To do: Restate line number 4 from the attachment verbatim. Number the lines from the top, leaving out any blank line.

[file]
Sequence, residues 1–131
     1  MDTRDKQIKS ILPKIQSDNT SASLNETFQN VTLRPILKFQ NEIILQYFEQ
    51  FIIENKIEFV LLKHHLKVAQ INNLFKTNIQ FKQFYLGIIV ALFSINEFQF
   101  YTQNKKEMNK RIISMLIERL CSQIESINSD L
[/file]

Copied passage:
   101  YTQNKKEMNK RIISMLIERL CSQIESINSD L